This is a compilation of Tennessee news and political stories assembled daily by staffers in Gov. Bill Haslam’s office.
During a recent trip to Nashville, I visited the Tennessee Tower, a state-owned building that houses a number of government administrative departments. As a commercial real estate professional, I was immediately impressed by this property, which has been completely transformed over the past year. Until just recently, this structure, which sits near the Capitol, was only minimally occupied and therefore inefficiently utilized and in desperate need of renovation to modern standards. Today, Tennessee Tower is effectively 100 percent occupied and stands as a model for a relatively new strategy by the state to professionalize a portion of its real estate operations.
The Tennessee Department of Children’s Services says case workers can no longer remove children from homes without a hearing in court. The Tennessean reports the agency told employees this month about the change, which comes on the heels of a pair of U.S. Sixth Circuit Court of Appeals opinions that said case workers have to abide by a constitutional amendment that guarantees people the right against searches and seizures without a warrant. The move has received criticism from child advocates and juvenile judges, who say the safety of children is already being affected.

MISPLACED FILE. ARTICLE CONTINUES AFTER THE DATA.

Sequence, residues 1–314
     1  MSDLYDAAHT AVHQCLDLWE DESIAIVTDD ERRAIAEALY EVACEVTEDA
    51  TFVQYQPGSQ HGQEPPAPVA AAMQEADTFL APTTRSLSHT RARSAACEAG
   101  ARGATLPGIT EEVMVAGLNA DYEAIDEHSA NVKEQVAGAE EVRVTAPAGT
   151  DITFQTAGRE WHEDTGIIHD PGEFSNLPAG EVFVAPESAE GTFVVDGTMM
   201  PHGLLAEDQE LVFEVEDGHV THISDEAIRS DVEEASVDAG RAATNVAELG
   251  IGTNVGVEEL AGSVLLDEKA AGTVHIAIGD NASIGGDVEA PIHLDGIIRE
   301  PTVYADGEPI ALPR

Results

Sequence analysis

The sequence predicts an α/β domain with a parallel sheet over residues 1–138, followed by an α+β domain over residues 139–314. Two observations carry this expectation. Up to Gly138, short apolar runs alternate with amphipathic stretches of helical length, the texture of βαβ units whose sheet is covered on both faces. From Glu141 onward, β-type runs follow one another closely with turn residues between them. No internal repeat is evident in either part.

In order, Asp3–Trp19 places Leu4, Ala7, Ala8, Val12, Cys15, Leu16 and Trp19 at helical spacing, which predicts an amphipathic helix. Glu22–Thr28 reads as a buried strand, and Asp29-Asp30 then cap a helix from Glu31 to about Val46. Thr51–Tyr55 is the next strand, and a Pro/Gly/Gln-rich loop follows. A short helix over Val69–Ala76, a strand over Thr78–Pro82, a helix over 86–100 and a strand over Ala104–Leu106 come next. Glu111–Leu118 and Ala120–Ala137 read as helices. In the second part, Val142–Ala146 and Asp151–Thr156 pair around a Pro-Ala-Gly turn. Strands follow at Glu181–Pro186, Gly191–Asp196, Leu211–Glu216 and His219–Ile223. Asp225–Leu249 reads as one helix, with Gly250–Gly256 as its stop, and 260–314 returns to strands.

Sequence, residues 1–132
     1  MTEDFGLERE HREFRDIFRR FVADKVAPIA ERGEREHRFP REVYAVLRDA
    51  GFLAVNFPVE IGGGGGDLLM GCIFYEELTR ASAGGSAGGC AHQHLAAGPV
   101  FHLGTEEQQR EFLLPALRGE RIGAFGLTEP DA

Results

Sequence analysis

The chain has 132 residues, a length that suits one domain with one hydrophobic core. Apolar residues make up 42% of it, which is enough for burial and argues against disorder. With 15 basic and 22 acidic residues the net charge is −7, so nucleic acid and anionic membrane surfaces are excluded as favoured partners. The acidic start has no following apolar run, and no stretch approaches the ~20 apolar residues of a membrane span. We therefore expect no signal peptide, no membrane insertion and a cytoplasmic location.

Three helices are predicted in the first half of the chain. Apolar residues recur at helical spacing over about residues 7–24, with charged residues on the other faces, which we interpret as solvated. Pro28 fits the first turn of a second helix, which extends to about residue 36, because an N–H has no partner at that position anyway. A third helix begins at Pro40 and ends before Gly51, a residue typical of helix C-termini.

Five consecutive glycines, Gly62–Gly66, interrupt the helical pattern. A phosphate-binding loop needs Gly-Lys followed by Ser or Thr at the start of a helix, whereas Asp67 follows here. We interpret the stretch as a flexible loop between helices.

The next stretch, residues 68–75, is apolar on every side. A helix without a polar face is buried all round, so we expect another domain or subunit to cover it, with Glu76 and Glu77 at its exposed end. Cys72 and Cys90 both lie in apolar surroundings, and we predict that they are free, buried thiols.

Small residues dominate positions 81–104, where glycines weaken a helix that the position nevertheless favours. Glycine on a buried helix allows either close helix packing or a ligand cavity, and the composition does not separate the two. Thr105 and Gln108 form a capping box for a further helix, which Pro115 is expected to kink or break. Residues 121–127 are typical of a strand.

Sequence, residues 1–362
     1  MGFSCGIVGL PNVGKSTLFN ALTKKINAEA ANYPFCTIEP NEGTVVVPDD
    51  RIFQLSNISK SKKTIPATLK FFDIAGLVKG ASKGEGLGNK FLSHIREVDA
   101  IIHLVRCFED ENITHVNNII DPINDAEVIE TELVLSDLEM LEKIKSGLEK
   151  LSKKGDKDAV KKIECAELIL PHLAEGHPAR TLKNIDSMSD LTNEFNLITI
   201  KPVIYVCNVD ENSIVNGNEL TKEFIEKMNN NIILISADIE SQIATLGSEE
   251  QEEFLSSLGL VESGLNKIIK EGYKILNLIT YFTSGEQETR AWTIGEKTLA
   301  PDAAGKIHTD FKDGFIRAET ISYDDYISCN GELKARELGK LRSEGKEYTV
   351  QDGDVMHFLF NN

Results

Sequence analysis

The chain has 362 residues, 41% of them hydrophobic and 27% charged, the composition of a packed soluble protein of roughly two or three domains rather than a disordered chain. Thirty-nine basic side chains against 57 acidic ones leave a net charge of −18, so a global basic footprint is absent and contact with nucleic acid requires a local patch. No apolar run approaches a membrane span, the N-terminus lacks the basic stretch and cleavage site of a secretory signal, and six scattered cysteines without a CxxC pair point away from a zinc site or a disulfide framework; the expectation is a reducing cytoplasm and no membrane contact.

Tennessee caseworkers can remove children from potentially dangerous homes without waiting for an in-person hearing in front of a judge, thanks to a Tennessee Department of Children’s Services policy adopted Friday. It’s a reversal that comes weeks after the agency’s legal staff told caseworkers that they no longer had the authority to remove children from homes without going to court — except in rare cases in which a child is in imminent danger of bodily harm. The change comes a day after The Tennessean reported that juvenile judges and legal advocates for children feared the policy would leave some children in dangerous homes while awaiting a hearing, a process that can take days or longer in some rural parts of Tennessee.
For the third consecutive year, public school teachers getting the highest test scores from students in assessed subjects graduated from Lipscomb University, Memphis Teacher Residency, Teach for America Memphis, Teach for America Nashville, Union University and University of Tennessee-Knoxville. Eight others, including the University of Memphis, continue to produce negative results in terms of how their students do on state tests, according to 2013 Tennessee Report Card on the Effectiveness of Teacher Training Programs released Friday by Tennessee Higher Education Commission (THEC).